Though now vacant, several farms still exist and can be visited by car or foot. Their renovation by the townspeople demonstrates not only the respect that modern-day residents have for the “stubborn survivalists,” but how Norwegians willingly sacrifice individual time and resources for the betterment of the community. I’ll talk more about that in upcoming posts.


Geiranger fjord, seen from a farm

Ok, maybe now I understand the whole farm thing…. Photo credit:


Chocolate, cheese, and watersports: What to do in and around Geiranger


The entire country of Norway is an outdoors sporting mecca, so it’s not surprising that there’s plenty of ways to exercise on or above a fjord. Hiking trails abound, kayaking and river rafting beckon (adventure tour operators have a short season, so do your research before arriving), and skiing in front of one of the world’s best views is a snap. While we were there, a Norwegian bicycling magazine was charting a route along the Geiranger-Trollstigen National Tourist Road in this area, including its eleven hairpin turns and scaling elevations. Crazy-but-true.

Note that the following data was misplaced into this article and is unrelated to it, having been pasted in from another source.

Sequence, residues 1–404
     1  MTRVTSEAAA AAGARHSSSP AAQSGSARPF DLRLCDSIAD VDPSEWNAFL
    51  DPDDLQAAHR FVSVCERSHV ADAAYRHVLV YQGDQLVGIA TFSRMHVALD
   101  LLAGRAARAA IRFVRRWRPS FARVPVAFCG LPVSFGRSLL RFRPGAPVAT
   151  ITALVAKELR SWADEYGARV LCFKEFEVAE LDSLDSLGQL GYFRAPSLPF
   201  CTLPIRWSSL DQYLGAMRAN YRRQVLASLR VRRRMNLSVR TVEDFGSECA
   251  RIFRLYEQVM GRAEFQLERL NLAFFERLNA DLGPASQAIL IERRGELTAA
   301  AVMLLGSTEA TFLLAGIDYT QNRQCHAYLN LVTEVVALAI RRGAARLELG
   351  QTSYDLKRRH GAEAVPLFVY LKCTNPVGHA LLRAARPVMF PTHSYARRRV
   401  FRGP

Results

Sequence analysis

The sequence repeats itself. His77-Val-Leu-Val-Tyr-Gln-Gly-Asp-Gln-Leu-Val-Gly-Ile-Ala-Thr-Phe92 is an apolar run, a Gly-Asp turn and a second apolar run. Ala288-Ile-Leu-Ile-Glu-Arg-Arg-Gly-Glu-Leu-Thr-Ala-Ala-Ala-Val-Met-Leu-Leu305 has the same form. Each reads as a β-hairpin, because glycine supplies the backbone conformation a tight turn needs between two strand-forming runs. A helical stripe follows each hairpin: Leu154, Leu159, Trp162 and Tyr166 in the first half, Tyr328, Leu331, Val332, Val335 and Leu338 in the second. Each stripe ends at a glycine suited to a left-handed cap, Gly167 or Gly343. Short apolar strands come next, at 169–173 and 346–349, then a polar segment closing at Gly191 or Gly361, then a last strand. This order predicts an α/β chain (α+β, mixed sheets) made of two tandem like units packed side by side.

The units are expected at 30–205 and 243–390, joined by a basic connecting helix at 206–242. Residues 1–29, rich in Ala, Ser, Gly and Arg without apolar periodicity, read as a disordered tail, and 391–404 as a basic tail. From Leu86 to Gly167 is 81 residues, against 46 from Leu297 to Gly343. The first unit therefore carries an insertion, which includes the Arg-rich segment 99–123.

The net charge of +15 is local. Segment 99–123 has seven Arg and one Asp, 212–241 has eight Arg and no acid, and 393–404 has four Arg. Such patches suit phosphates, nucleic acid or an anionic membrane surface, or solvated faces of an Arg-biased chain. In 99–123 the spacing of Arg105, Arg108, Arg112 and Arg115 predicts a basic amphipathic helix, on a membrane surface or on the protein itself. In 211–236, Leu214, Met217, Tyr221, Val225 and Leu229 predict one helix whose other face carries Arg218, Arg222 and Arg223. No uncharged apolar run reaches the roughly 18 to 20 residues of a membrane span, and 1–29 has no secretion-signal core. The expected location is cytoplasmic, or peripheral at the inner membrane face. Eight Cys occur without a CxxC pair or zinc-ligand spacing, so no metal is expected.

Geiranger skiing

Ski with a view. Photo credit:


As I’ve mentioned previously, the tourism offices throughout Norway really have their act together. The answer to anything you might want to know – from optimal views to lesser-known hiking spots to the best place for a local brew – is available with a smile. The local office facilitates a narrated, hour-long tourist cruise of the fjord (with a snack shop that serves hot waffles – yum) that is full of interesting tidbits about the farms and waterfalls.


Tourist ferry Geiranger Geirangerfjord

View from the tourist cruise out of Geiranger


Don’t leave town without eating at Brasserie Posten, a reconverted post office offering farm-to-table goodness. Before this foodie experience, I had no idea that potatoes could burst with such flavor … in fact, I had no idea that water could! What I’m trying to say is that their raw ingredients are phenomenal, and such care is put into the flavor pairings that every dish is exquisite. No, we didn’t try every dish, although it was tempting, but I would be surprised to be incorrect. Start with the salted cod soup paired with whichever regional microbrew they recommend, and you’ll see what I mean.